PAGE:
We were also fortunate to have Barbara Esch, Ph.D., CCC-SLP, BCBA-D include her Early Echoic Skills Assessment to the VB-MAPP. Her tool presents a state-of-the-art method to quickly assess a child’s echoic repertoire, and it fits well within the VB-MAPP. The VB-MAPP also contains a short transition assessment that resulted from many years of consulting to special education classrooms and attending IEPs. We thought it would be useful to create a piece of the assessment that could help to determine what type of educational format might best suit an individual child (e.g., 1:1 vs. small group instruction, inclusion). The targeted milestones in the VB-MAPP have been carefully chosen and matched to those of typically developing children, thus providing a clearer picture of how a child with autism is performing. We aligned the VB-MAPP with standardized, and well-respected assessments, including the APES, Bayley-III, PLS-IV, and the Vineland-II. As a result of these various features, the VB-MAPP moves beyond just an assessment of basic skills to a more thorough and functional assessment of the whole child.

The work on the VB-MAPP and making ABA and verbal behavior understandable and accessible continues to be an on-going process. After the VB-MAPP was published in late 2008, we received interest from professionals wanting electronic versions and foreign language translations. The VB-MAPP is now also available as an app and web-based format, as well as in several different languages including Chinese, French, Italian, Polish, Russian, and Spanish, with other languages in various stages of development.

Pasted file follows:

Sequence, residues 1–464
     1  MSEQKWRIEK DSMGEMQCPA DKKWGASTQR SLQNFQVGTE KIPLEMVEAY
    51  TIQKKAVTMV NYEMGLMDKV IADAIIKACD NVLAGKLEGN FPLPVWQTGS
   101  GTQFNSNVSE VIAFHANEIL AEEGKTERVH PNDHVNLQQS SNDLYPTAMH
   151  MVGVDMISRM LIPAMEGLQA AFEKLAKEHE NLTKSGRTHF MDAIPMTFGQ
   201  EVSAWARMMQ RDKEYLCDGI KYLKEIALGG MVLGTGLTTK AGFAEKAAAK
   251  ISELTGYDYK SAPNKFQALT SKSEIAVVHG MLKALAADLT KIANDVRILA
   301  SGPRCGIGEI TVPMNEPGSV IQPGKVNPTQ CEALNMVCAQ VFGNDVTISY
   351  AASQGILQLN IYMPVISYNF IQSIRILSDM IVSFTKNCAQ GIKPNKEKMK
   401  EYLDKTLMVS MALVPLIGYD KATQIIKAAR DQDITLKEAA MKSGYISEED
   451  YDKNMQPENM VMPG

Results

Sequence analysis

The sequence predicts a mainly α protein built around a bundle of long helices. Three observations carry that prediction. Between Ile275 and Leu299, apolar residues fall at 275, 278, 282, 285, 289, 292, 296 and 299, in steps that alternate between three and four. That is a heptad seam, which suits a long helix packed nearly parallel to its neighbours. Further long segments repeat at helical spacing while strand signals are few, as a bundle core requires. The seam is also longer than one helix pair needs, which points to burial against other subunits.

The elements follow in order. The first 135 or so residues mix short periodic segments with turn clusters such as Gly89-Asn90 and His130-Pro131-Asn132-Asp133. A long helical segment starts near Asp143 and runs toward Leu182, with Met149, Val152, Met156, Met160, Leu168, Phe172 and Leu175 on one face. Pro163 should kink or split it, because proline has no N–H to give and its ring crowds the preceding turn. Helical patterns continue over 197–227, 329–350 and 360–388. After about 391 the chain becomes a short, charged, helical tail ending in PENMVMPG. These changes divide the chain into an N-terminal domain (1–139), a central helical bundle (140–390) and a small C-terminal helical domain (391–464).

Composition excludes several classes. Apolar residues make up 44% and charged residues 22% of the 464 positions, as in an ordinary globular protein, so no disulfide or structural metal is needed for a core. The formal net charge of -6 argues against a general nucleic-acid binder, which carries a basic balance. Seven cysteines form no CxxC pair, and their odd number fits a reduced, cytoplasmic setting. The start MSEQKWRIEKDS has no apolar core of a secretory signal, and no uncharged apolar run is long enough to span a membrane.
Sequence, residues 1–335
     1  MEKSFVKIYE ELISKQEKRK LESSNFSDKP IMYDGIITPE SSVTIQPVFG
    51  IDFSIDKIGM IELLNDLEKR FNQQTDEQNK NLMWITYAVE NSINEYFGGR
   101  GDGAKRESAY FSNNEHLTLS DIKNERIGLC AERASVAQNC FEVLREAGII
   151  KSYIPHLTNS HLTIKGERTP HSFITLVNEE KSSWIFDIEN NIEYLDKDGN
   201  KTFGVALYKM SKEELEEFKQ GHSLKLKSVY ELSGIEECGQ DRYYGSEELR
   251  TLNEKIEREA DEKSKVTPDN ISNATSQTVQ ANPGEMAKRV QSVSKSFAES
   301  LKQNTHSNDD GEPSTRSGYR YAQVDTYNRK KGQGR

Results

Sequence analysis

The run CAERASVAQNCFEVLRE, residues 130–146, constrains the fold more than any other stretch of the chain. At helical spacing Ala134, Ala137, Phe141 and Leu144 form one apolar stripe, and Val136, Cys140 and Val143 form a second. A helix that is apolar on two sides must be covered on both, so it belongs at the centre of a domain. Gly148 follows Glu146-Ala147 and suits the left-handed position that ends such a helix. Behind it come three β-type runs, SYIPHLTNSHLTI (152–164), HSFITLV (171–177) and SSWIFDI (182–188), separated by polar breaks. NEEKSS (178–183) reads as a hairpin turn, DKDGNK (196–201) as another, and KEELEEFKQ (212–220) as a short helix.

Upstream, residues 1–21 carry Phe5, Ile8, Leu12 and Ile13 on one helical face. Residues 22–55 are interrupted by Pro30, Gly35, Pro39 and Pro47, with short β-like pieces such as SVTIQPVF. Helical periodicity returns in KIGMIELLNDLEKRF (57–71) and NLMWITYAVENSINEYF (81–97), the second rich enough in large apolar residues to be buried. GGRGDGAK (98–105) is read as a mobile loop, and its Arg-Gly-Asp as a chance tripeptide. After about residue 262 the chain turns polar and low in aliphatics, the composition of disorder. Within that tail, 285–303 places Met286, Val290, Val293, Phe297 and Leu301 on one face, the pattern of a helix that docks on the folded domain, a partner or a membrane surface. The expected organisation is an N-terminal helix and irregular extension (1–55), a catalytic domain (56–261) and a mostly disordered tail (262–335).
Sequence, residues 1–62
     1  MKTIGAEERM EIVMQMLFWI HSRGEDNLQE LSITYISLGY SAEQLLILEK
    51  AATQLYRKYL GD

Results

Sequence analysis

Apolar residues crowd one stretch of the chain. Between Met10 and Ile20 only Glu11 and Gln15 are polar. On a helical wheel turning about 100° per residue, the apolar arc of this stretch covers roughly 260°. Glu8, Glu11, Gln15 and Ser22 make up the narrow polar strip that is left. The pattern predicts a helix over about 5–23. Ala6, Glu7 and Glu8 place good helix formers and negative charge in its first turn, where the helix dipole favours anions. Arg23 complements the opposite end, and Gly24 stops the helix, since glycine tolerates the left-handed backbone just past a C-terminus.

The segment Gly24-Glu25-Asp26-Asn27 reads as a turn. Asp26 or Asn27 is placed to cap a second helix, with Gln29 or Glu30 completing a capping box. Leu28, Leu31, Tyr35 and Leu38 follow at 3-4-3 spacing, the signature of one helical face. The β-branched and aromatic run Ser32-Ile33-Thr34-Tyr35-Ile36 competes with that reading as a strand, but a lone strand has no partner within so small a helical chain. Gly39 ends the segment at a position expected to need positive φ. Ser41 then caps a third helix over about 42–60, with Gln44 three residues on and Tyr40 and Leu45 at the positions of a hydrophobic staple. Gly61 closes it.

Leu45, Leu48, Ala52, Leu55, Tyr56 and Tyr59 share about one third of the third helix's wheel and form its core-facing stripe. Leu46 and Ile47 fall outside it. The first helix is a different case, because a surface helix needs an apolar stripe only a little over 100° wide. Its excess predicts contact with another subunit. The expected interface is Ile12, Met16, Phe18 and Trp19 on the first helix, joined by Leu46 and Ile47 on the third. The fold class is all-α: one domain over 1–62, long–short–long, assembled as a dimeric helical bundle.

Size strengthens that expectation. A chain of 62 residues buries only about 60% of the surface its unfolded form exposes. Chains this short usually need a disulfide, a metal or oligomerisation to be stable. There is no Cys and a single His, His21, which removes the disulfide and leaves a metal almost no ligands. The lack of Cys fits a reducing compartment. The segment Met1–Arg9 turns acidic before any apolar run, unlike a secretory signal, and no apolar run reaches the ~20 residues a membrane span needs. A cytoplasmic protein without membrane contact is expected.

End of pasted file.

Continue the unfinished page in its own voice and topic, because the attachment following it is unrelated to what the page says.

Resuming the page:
SB: For a learner who is just developing language, what does research show is the appropriate developmental order for teaching verbal skills? (For example, do you teach “I want _______” to a learner who only has ten words?)

MS: The design of the VB-MAPP directly addresses the issue of using typical developmental milestones as a framework for the assessment and the intervention program. For example, it is common to have adjectives, prepositions, and answering WH questions on an IEP for a child who may only have a 30-word vocabulary. Developmentally, that small of a vocabulary size indicates that the child may not be ready for tasks that require the child to modify nouns with their properties or location, let alone answer WH questions about them. Likewise, adding carrier phrases such as “I want” to a mand may be of little value to a child who only has ten words. The child would probably benefit more from first learning more mands and tacts. There are many aspects to developing a child’s verbal skills, even though the learning patterns demonstrated by typical children can guide us, each child is different and still requires an individual analysis of what curriculum sequence might work best for him.

SB: Why is it important for a learner to have a certain number of mands before moving on to other verbal skills?